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How would you implement Prop B?

Here, from last week, is Mayor Turner’s official announcement about layoffs, following a failure to come to an agreement with the firefighters’ union about a time frame to fully implement Prop B. Here’s the Chron story about the firefighters protesting the layoffs, which we knew were coming – indeed, we’d known since last year, as that was one of the main points Mayor Turner made during the Prop B campaign. The Chron editorial board agrees with Turner that given the limited options available, layoffs are the only reasonable choice.

Now, to be sure, there is the garbage fee proposal, which Council will vote on this week. It would, at least in theory, pay for the increased costs that Prop B imposes, though there are objections. I’ve laid some of them out – a trash fee should be used for solid waste collection, the potential for litigation is non-trivial – and I’ll add another one here: If a garbage fee is the mechanism for funding Prop B, that necessarily means that only some Houstonians are contributing to that. Anyone who doesn’t live in a house that has city of Houston solid waste service would not be subject to this fee. (At least, I assume so – it’s not clear to me how this fee will be assessed.) Maybe you think that’s a big deal and maybe you don’t, but I guarantee someone will complain about it.

So the question remains, how would you implement Prop B? We all agree Prop B will cost some money to implement. The firefighters have never put a dollar figure on it themselves – they have made claims that the fire department brings in revenues that could be spent on the fire department instead of other things, which doesn’t actually solve anything but just recapitulates the argument that the city should spend more on firefighters. Raising the property tax rate is out, as it would violate the stupid revenue cap. Indeed, as we know, the city has had to cut the tax rate multiple times in recent years, costing itself a lot of revenue in the process. The basic options are a flawed fee that will charge some households up to $300 a year and others nothing, and layoffs. And if you’re going to do layoffs, the ones that make the most sense are the firefighters themselves, as the vast majority of calls to HFD are for emergency medical services and not fires – EMTs are cheaper to hire, don’t require expensive fire trucks to get to where they’re going, and aren’t in scope of Prop B. And that, barring any late-breaking agreement to implement Prop B more slowly, is what we are going to get.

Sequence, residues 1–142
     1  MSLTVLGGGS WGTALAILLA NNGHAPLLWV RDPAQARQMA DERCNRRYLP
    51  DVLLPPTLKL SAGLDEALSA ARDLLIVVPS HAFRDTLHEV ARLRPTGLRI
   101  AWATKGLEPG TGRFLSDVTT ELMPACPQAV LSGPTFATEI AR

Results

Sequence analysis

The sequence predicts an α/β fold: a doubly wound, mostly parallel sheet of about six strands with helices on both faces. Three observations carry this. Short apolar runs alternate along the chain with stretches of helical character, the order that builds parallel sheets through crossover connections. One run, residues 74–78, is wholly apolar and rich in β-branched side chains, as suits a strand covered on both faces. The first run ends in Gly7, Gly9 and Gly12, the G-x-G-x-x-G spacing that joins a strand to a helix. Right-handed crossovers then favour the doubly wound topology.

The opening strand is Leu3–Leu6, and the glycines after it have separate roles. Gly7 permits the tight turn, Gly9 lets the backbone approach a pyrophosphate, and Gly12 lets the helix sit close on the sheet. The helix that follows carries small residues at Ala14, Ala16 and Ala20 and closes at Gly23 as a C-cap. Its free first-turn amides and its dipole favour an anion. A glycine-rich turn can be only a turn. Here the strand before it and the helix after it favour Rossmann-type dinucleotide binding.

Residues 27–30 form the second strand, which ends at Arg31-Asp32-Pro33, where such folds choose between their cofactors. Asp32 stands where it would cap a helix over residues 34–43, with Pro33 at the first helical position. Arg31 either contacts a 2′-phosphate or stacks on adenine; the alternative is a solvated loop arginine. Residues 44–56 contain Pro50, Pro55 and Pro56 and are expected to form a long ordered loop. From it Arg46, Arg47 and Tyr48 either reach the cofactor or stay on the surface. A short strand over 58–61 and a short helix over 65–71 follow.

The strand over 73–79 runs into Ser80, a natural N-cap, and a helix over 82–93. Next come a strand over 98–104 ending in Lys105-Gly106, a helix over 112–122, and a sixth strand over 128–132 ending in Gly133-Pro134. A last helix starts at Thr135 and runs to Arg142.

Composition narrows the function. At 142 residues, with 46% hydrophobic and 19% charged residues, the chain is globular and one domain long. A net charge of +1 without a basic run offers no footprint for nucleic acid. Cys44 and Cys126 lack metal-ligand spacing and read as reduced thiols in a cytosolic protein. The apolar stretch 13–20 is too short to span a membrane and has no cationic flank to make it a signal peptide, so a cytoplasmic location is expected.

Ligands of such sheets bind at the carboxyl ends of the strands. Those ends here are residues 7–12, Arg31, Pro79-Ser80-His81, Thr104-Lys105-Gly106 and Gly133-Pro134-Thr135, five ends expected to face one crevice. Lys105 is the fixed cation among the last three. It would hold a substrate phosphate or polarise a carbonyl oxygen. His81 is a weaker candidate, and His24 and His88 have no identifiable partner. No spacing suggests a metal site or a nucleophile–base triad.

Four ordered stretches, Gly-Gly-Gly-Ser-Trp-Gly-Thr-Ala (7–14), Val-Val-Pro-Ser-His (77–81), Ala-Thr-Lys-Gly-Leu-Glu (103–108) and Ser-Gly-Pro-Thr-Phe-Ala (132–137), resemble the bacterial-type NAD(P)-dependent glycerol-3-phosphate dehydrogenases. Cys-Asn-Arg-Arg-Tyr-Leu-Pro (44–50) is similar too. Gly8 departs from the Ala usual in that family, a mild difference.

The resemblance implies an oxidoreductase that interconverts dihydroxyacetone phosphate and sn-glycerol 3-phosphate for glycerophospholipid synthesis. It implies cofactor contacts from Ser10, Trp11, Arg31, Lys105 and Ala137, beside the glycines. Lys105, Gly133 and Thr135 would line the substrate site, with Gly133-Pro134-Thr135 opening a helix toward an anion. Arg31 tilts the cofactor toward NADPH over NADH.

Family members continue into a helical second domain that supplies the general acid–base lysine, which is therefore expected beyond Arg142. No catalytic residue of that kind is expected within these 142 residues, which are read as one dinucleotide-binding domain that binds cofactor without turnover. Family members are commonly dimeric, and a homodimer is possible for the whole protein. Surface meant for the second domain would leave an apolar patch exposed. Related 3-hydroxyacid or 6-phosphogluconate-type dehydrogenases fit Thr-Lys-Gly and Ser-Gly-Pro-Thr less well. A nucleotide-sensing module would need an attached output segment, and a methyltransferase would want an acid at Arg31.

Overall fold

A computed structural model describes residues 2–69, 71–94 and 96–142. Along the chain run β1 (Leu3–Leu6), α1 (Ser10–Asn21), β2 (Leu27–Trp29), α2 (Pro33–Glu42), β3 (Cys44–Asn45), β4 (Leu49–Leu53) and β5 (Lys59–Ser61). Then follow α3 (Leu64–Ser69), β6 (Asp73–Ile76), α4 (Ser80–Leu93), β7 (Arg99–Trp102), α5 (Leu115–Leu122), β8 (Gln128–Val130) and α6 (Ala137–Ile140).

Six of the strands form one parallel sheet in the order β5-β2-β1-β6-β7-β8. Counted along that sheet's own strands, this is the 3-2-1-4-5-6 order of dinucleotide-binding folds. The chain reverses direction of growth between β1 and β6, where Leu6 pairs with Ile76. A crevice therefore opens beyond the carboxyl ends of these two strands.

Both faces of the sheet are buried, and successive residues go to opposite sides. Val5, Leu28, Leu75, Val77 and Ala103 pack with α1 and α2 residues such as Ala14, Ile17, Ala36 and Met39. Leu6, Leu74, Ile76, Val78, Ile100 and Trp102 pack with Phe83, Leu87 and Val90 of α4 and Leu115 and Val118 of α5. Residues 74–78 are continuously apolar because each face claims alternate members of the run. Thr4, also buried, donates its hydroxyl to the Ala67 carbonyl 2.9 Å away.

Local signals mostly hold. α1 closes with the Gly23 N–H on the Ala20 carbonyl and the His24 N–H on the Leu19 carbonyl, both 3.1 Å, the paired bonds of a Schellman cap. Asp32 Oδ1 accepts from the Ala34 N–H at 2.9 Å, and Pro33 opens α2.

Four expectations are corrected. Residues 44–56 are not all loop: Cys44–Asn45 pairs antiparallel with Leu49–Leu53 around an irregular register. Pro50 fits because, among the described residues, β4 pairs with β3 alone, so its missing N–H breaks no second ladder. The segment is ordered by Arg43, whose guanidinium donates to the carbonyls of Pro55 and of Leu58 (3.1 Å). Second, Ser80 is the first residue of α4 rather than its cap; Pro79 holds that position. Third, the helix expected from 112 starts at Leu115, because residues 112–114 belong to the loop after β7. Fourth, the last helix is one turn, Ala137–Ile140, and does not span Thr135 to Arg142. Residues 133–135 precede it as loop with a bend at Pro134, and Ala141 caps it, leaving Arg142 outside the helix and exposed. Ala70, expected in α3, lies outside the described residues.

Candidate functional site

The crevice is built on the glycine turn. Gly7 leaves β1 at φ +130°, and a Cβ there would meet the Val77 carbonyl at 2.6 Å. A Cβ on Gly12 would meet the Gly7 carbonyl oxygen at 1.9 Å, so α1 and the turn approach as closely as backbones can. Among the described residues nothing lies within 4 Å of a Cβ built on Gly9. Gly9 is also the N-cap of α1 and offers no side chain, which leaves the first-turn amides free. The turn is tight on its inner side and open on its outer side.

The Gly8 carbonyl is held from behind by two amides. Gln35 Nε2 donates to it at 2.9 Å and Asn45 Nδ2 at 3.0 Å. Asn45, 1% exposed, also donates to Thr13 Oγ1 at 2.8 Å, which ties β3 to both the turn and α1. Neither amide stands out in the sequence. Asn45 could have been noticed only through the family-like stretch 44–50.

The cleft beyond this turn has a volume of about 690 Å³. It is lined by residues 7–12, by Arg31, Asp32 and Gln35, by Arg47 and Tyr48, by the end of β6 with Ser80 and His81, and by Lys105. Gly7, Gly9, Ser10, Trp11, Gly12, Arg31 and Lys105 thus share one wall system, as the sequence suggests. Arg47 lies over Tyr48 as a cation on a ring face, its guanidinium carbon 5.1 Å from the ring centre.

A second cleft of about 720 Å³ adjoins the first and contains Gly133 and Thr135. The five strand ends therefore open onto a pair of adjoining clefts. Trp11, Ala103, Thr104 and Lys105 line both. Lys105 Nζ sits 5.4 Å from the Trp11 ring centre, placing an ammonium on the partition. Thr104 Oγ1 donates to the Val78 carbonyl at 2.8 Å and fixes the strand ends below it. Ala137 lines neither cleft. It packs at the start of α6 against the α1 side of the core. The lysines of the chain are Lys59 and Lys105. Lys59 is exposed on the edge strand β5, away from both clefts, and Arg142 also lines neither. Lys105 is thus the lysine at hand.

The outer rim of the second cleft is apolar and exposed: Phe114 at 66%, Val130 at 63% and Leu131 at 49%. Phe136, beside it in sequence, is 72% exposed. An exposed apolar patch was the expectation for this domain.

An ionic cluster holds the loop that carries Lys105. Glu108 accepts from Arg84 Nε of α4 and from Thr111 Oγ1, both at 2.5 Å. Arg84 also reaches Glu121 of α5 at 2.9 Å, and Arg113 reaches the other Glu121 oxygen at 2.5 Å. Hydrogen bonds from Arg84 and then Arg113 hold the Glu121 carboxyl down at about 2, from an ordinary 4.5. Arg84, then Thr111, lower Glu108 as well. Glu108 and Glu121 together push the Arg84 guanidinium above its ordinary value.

So then, what if anything would you do differently? I’m open to suggestion.

UPDATE: Here’s City Controller Chris Brown saying the cost of Prop B is unsustainable outside an agreement to phase it in over five years, which is what the city has been pushing for.

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5 Comments

  1. Manny says:

    The firefighter knew that layoff could be part of the picture, but that is the route they chose.

    I, think like Kuffner, that letting building burn down if the firefighters don’t get there in time is no big deal. The questions I have if there are people in the building(s) do the firefighters wait to go in until they are the proper number there? Do Emts quit going into burning buildings? Afterall, some of the firefighters that died in the following fires were with EMT units:

    https://www.chron.com/news/houston-texas/article/Houston-Fire-Department-honors-firefighters-12956976.php

  2. Joe says:

    All firefighters are EMT’s. All EMT’s with the city of Houston are firefighters. They rotate on and off the apparatus ( from one to the other).

  3. Jason says:

    I would offer that you just implement it. The firefighters were obviously aware that the mayor would make every effort to punish them for what he interprets as subverting his authority. Lay off what ever number satisfies his grudge and pay the remaining members what the voters gave them. When the layoffs, resulting station closures, extended response times, and possibly worse occurs, you can expect the mayor to continue to blame anyone or anything except his ability to manage this city. One thing you can count on is that the firefighters will own and manage whatever hardship results from the mayor’s grudge. They will forever continue to tirelessly serve the only people they have sworn to serve. The citizens of Houston. This mayor is merely one of several past ones who refuse to acknowledge and reward their selfless efforts. In the end, he will fade away and they will remain without a single thought of him or his unbiased behavior.

  4. […] How would you implement Prop B? […]

  5. craig says:

    Has the city considered offering the older firefighters a severance package maybe 25,000-30,000 to leave after prop.b is implemented and /or discounted insurance for several years. This may keep the younger firefighters who are payed less and are the majority of your paramedics. How may of your paramedics would the city lose if 300-400 firefighters are laid -off ? The cost may be cheaper in the long run, that would be a question for the city’s bean counters.